REMARKS OF FCC COMMISSIONER MIGNON L. CLYBURN
TECHNOLOGY SUPPORT FOR SMALL BUSINESSES
February 15, 2012
Thank you, Mr. Clarke, for that gracious introduction, and good afternoon everyone. It is
a pleasure for me to join inspiring entrepreneurs and small business owners here for today’s
Inside the Beltway, there is always heated debate on how best to improve our country’s
economic standing. But the one thing that most enlightened persons would agree—and this has
been reaffirmed by recent statistics from the Small Business Administration—is that small
businesses are critical to this nation’s job growth and revenue creation. Businesses, like yours,
make up more than 99.7% of all employers and create 75 percent of the net new jobs in our
economy. Small businesses create more than 50 percent of the nonfarm private gross domestic
product (GDP), and it shouldn’t surprise you that they are the leaders when it comes to
innovation. Small patenting firms produce upwards of 14 times more patents per employee than
large patenting firms, but those who spend a lot of time with small businesses are aware of
another important fact: Only half of all small businesses start-ups with employees are able to
remain viable after four years. What that says to me is that most of these ventures need help, as
there are critical barriers that many are unable to overcome.
I am quite familiar with those realities because, as Mr. Clarke may have mentioned, I
began my professional career running a small business. For 14 years, I managed a weekly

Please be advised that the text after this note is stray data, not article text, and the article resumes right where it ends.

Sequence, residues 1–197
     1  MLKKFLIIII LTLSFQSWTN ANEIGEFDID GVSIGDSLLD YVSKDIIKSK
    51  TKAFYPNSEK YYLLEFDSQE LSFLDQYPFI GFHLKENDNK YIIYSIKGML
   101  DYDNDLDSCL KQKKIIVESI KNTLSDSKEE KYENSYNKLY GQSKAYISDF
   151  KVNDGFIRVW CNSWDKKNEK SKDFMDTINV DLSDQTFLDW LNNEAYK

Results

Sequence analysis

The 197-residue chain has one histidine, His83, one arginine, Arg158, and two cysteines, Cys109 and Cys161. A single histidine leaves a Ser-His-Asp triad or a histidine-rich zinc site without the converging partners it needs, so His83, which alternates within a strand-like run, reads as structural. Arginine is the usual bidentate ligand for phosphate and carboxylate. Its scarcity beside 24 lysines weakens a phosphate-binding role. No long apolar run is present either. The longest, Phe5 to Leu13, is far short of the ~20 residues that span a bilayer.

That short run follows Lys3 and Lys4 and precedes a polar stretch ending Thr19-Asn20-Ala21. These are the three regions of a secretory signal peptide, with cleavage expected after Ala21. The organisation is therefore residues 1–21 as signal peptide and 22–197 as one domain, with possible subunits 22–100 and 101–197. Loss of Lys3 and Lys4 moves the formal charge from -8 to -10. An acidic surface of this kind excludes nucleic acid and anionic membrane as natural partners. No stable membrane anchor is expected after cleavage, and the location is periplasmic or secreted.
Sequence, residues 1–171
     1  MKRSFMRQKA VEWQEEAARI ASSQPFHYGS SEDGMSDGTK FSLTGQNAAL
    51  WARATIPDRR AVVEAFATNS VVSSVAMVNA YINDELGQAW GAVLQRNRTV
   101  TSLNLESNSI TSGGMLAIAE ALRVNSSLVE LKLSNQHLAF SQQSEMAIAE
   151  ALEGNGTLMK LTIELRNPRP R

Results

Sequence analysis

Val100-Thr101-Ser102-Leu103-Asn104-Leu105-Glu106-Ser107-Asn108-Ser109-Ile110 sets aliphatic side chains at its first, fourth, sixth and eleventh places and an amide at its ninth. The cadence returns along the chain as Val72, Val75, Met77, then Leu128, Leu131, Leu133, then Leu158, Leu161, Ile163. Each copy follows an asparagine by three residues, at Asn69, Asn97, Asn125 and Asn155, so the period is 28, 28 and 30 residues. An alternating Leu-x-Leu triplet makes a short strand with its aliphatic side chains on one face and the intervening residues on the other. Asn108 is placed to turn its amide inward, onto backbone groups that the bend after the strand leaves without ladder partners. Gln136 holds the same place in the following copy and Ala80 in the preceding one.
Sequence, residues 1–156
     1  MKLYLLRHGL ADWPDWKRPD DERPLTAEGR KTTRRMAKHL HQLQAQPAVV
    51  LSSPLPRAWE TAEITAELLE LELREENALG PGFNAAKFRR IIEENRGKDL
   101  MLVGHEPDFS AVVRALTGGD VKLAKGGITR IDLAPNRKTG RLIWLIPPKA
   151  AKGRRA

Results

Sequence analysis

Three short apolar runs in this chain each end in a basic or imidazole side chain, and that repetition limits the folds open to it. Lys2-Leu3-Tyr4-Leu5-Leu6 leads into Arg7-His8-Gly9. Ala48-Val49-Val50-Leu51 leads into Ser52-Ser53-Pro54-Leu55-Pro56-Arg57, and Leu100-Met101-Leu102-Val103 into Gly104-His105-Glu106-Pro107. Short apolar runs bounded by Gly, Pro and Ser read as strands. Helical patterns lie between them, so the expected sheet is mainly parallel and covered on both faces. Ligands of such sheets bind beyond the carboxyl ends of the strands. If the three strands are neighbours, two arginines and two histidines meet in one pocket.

newspaper in Charleston, South Carolina called the Coastal Times. So I know first hand the joy
that comes from owning a business. But, I also know too well about the pain it often takes to stay
afloat. And for those truly committed to their enterprise, there is no task too big or too small for
you tackle when it comes to your business’ survival.
One of my biggest challenges was competition. No matter what I did – no matter how
many hours I put in or what kind of product I produced – I could never achieve an equal footing
with the region’s larger media outlets or those with longer standing footprints. The traditional
newspapers could afford their established distribution networks to deliver their product. My
“distribution network” in the last few years in business, was me and my 1992 GMC Jimmy.
I bring forth this personal snapshot for a number of reasons. First, for all of you here
today who run small businesses, I want you to know that not only do I understand, but I deeply
care about small businesses and will always be an advocate for entrepreneurial opportunities.
And because of those lessons learned, I know of the many issues small business owners
across this country face. Some start down this challenging road because they have no other
choice. So failure for them is not an option.
Others have such a passion for the service or product they are producing, that they just
have got to give this concept a chance to shine. And there are some who just have a passion for
the independence and liberation that comes from owning their own business. But regardless of
what brought you here as business owners or operators, the problems that small businesses face
can be so challenging, that many of you can spend more time addressing those pressing issues
than actually enjoying the reason why you entered into this space in the first place. Financing
your business, the cost of health insurance, promoting and marketing your business, finding and
paying employees, and complying with government laws and rules for running a small business…
And time management can be extremely challenging especially when many small business
owners are not able to focus solely on their enterprises, because they are forced to juggle a
fulltime job in order to survive.